I’m glad to see people in the industry strongly encouraging email marketers to make unsubscribing easy. Many email marketers have not taken this advice. One charitable organization required me to submit my zip code in order to unsubscribe. Many others require you to reenter your email address, or specify which emails you don’t want any more. Some use dark patterns to trick you into staying on their lists at the last minute. Other emails don’t even include an unsubscribe link, which is illegal these days, I think.

That said, the industry recommendations are still too mild. Here’s how it should actually work:

  1. There should be a clearly labeled unsubscribe link in every email.
  2. When you click on the link, you should be removed from the mailing list in question immediately without taking any further action.
  3. That’s it.

As an email marketer, it behooves you to include a form on the confirmation page that suggests to the user that they stick around, while making it clear that if they do nothing else, they won’t get any more email. You can ask them why they unsubscribed if you think that’s useful, but I would recommend using analytics to measure the effectiveness of your emails rather than asking people. The point is, this may be your last chance to reengage this user, make it count and don’t try to trick them.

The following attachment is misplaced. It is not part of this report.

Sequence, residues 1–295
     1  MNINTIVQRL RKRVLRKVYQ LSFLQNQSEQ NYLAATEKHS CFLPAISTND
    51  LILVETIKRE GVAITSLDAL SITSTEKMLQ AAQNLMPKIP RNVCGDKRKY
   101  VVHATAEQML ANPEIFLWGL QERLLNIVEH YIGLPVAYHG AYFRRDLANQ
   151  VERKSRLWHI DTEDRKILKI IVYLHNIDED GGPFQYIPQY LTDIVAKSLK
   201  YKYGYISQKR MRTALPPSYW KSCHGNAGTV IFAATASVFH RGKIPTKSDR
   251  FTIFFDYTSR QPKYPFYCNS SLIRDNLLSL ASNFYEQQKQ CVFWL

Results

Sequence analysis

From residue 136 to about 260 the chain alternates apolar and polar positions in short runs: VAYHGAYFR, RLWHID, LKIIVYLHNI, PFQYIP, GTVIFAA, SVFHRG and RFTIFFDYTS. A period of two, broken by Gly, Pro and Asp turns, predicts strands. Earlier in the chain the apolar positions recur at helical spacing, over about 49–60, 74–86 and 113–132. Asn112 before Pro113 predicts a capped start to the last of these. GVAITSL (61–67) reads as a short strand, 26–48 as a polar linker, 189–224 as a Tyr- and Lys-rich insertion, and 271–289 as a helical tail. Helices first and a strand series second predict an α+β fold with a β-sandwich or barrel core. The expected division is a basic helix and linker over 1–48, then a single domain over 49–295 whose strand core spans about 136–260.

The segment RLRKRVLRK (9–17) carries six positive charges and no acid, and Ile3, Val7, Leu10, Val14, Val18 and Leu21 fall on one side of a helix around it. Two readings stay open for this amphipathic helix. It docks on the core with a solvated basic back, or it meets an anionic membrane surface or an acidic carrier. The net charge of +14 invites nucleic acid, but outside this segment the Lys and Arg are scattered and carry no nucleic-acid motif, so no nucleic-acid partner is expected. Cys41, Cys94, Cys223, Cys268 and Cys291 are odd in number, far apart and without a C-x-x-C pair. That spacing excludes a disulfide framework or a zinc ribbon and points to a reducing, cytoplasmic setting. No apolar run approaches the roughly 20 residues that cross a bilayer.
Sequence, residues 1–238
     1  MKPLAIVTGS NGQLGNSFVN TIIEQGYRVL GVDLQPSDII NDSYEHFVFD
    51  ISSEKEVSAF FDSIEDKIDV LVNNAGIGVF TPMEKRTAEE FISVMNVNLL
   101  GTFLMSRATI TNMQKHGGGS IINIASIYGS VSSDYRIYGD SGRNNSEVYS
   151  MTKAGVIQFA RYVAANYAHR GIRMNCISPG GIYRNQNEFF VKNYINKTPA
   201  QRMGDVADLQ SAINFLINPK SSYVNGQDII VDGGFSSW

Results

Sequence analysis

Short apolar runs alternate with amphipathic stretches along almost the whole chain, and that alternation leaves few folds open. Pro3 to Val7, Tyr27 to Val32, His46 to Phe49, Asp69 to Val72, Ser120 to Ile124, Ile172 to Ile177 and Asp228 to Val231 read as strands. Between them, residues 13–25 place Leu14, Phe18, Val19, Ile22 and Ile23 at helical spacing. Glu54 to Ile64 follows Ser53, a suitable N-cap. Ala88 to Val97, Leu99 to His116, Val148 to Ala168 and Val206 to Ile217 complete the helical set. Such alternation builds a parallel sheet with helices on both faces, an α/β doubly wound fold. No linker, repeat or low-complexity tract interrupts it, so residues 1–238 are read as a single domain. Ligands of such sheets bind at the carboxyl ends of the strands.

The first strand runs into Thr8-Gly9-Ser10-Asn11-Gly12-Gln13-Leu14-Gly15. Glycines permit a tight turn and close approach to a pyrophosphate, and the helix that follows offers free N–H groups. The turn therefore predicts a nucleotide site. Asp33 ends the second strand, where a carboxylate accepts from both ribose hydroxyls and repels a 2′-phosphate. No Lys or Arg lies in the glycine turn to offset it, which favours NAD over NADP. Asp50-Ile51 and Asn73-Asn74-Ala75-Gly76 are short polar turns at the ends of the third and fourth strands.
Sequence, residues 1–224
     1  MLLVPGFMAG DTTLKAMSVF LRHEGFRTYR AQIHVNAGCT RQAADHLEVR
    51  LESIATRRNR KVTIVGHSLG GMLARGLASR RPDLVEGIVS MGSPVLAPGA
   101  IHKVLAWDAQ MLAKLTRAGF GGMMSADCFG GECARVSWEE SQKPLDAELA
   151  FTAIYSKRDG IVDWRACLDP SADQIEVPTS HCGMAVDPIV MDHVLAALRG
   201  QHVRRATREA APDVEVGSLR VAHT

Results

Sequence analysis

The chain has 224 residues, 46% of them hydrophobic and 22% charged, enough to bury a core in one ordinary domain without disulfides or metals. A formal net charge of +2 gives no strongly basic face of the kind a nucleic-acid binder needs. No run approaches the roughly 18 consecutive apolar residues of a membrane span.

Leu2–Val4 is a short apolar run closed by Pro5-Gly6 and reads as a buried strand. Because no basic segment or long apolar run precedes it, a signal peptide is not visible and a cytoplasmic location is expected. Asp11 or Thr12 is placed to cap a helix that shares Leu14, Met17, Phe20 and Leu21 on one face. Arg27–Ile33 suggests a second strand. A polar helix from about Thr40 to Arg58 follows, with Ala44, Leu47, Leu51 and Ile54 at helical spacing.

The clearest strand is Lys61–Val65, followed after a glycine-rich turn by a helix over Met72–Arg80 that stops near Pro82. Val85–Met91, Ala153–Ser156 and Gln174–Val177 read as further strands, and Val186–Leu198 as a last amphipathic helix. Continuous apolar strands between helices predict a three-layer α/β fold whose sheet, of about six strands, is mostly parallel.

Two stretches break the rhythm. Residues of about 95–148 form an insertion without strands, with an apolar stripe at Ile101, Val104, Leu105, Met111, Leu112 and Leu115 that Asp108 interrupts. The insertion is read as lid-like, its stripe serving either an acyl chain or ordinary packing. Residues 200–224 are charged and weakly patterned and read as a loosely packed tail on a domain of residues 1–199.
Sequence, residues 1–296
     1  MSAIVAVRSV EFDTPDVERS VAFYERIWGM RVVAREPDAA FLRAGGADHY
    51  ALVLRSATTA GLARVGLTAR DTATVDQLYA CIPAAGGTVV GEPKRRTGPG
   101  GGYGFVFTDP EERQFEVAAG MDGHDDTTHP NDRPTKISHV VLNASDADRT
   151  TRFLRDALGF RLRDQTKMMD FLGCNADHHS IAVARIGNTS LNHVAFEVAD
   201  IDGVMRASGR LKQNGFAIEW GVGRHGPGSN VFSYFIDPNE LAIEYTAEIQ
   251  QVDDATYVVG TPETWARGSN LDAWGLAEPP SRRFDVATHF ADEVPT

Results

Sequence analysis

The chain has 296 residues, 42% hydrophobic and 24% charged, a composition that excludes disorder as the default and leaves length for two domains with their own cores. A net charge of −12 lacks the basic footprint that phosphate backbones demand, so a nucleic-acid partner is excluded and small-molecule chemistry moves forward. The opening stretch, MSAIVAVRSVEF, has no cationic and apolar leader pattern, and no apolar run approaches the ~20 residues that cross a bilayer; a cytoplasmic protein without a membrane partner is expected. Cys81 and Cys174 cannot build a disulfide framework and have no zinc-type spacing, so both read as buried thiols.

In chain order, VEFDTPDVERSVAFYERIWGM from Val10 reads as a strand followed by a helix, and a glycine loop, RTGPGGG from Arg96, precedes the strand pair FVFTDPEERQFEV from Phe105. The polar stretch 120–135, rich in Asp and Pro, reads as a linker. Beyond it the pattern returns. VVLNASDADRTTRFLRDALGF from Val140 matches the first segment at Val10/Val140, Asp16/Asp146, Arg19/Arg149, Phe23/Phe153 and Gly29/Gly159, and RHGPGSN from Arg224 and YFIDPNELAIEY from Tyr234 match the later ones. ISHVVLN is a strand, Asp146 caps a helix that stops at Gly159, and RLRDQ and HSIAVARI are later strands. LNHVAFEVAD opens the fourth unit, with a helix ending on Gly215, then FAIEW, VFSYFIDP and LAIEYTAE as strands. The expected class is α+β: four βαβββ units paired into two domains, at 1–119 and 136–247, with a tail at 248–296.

If your company has multiple mailing lists, you do have some thinking to do about UI, because you have to figure out whether your unsubscribe link should remove the user from all email lists, or just the list associated with the email. You should probably err on the side of removing them from everything, because unsubscribing from a list and getting email from that sender later is frustrating and raises the likelihood that your email will be reported as spam.